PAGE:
Video: Arizona, Chandler Police Officer Aaron Little saves suicidal man life after threatening to jump off bridge spanning Price Freeway with offer of a hug.
A police officer with the Chandler Police Department in Arizona has been hailed a hero after saving a man attempting to jump off a bridge by offering him nothing more than simply to give him a hug.
Rather than snatch the man up, or tackle him, Chandler Police Officer Aaron Little chose to offer the suicidal man a hug.
‘I’m not going to do anything to you,’ Officer Little can be heard saying on his body camera. ‘Come give me that hug.’
The incident took place on March 28, however, footage from Little’s body cam wasn’t made public until this week. The cop kept his cool the entire time, offering an embrace and nothing more.
‘I’ll hug you, man. I don’t care,’ said Officer Little. ‘I just want to talk to you. I swear.’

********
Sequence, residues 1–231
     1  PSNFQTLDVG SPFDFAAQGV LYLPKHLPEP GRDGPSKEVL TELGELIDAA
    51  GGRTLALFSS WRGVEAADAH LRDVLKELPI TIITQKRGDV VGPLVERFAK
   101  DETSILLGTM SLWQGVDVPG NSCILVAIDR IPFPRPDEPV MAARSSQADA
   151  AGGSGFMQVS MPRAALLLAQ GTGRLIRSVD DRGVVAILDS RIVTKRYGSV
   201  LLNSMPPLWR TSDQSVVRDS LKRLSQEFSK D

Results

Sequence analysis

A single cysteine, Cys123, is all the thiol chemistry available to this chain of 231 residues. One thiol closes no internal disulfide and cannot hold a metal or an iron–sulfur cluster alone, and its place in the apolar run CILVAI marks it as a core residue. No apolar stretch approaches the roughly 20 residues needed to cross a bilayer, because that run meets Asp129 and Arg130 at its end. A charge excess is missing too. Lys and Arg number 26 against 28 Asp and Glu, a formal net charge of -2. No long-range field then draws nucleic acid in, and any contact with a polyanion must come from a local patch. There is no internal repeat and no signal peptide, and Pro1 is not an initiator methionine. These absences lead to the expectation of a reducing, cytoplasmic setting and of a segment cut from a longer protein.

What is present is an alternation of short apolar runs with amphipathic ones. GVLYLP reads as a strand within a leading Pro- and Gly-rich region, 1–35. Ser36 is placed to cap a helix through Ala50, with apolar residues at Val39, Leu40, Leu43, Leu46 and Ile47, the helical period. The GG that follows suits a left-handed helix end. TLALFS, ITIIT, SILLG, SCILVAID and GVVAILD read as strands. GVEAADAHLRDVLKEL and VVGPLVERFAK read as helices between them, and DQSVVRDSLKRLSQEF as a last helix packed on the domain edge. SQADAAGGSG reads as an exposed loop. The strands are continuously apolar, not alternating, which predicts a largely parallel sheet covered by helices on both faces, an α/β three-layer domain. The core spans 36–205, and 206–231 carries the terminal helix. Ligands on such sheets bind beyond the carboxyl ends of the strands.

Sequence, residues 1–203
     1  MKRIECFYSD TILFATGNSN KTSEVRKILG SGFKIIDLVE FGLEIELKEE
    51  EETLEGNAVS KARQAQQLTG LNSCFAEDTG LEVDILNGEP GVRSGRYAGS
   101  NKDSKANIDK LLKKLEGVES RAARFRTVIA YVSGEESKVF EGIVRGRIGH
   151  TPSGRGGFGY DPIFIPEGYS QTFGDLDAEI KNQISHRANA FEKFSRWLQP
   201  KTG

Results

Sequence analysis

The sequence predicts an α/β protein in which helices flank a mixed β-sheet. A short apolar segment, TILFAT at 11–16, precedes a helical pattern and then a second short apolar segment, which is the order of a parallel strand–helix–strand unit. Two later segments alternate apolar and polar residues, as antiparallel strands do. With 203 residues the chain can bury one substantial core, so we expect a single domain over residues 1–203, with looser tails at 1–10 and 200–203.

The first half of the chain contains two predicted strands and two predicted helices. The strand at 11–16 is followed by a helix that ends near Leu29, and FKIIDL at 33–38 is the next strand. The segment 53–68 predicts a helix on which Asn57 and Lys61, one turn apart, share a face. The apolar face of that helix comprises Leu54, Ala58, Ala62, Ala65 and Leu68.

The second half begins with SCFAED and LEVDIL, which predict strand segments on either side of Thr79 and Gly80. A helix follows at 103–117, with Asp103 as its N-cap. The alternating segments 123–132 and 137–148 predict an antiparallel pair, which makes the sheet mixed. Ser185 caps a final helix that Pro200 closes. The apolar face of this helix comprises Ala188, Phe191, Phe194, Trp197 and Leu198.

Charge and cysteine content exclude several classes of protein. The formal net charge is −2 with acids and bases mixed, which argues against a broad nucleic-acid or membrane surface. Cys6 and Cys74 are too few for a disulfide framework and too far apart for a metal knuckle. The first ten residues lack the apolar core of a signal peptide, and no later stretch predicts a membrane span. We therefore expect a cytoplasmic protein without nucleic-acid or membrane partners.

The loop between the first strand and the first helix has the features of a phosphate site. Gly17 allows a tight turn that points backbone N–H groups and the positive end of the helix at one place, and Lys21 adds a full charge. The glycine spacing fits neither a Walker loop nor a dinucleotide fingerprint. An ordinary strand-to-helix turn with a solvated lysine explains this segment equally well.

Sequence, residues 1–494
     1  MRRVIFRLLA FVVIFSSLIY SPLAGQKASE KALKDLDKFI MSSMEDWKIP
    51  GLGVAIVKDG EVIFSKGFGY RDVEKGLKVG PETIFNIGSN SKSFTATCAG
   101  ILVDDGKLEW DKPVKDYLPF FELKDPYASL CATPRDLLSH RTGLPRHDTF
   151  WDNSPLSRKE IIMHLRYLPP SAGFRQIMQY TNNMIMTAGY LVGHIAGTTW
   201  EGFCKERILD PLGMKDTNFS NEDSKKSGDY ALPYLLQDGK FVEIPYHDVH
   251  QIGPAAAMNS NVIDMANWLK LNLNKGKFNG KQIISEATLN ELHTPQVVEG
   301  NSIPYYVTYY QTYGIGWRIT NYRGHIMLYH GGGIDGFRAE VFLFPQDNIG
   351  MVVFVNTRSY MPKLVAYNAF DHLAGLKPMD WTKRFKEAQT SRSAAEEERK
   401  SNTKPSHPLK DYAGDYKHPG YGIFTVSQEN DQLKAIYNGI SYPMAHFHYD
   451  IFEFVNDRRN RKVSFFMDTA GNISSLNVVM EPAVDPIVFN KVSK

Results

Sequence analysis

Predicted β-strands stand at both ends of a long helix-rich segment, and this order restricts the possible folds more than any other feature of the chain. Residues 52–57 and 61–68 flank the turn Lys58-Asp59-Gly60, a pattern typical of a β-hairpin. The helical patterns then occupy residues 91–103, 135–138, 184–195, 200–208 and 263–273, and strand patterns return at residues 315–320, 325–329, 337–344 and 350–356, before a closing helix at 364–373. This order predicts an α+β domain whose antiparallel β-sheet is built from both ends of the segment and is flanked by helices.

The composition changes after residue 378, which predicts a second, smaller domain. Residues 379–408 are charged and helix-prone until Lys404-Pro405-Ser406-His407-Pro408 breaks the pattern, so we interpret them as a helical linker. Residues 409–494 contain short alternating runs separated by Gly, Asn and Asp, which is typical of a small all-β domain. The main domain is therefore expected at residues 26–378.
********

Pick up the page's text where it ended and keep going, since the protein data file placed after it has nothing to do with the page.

Noted the post from the Chandler Police Dept: ‘In the early evening of Thursday, March 28, 2019, a 26-year-old male climbed the protective railing of a pedestrian bridge that spans the Price Freeway with the intent to jump. Officer A. Little arrived at the bridge and, after developing a rapport with the male, Officer Little was able to convince him to climb off the railing and back to the safety of the bridge.’
‘I need you to come over here with me,’ Little, who has been with CPD for five years can be heard initially saying.
‘I don’t know why,’ the suicidal man can be heard saying as he appeared to be climbing lower.
‘Don’t you want that hug?’ Little asked. ‘Then come up here. I will give you that hug.’
The video shows the man clinging to the fence as Little continues talking calmly to him.
‘Please climb up over that fence, buddy,’ he said. ‘Please. It’s just me and you, man. That’s it.’
He did climb back over, and Little gave him that promised hug.
Experts with the local EMPACT Suicide Prevention Center praised Little for his calm and casual behavior, as did the Chandler Police Department — which called the incident ‘extraordinary.’
‘The officer didn’t seem shocked by what the individual was doing, and maintained his distance from him,’ Erica Chestnut-Ramirez, Director of Crisis at EMPACT, told KSAZ-TV. ‘Being sympathetic, non-judgemental [and] calm.’